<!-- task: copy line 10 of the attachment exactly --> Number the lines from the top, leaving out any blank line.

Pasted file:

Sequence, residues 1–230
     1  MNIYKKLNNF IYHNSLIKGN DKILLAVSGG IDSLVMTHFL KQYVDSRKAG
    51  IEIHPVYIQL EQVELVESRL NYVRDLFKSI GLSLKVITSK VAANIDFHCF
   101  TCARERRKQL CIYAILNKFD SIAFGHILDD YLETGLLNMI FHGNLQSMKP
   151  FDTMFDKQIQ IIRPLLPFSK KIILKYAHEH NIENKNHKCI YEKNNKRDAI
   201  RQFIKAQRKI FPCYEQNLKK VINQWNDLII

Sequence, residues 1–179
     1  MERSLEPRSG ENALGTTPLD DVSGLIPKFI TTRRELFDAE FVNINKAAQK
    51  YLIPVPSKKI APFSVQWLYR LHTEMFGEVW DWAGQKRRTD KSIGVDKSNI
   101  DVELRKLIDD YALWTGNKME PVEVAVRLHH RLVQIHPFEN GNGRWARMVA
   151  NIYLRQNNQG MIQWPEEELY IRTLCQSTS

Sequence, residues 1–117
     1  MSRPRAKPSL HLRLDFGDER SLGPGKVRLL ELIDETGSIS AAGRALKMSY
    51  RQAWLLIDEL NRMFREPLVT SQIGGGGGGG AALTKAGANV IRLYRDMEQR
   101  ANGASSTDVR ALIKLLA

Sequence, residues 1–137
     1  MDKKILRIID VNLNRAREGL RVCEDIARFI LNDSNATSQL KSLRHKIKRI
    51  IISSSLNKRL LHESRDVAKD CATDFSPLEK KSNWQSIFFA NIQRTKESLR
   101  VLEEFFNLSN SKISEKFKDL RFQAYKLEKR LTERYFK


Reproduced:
   101  DVELRKLIDD YALWTGNKME PVEVAVRLHH RLVQIHPFEN GNGRWARMVA